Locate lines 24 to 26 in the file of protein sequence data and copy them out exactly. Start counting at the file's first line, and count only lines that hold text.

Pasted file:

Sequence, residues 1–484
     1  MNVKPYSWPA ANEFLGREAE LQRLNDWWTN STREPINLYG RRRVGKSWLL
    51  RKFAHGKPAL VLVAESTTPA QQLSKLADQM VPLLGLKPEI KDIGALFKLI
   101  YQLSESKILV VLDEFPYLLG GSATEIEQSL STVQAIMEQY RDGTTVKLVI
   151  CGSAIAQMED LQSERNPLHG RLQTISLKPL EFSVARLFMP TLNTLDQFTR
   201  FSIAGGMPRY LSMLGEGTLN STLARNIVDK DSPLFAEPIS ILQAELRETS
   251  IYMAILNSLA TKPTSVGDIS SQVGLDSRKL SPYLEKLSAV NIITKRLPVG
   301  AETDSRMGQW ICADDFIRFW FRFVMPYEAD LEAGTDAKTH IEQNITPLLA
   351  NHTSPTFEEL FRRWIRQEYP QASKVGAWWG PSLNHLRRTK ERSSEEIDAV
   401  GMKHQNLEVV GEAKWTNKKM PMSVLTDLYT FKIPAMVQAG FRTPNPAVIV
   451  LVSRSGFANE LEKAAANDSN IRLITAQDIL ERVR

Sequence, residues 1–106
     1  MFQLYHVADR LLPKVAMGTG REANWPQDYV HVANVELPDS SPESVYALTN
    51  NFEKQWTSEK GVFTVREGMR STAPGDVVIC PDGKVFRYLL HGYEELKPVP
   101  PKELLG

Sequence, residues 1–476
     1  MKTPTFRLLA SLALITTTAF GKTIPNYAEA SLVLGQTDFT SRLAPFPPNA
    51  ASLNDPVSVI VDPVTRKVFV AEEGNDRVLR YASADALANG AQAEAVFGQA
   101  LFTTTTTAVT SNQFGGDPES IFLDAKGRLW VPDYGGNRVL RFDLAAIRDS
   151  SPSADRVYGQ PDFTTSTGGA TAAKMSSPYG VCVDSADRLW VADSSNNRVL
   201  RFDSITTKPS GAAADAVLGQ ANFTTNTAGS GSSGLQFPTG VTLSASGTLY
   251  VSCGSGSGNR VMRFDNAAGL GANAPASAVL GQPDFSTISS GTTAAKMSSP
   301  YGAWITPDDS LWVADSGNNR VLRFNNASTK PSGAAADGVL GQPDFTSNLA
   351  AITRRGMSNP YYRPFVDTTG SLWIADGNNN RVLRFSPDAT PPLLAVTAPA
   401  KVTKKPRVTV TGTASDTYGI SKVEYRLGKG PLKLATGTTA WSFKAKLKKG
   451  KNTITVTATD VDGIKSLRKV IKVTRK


   351  AITRRGMSNP YYRPFVDTTG SLWIADGNNN RVLRFSPDAT PPLLAVTAPA
   401  KVTKKPRVTV TGTASDTYGI SKVEYRLGKG PLKLATGTTA WSFKAKLKKG
   451  KNTITVTATD VDGIKSLRKV IKVTRK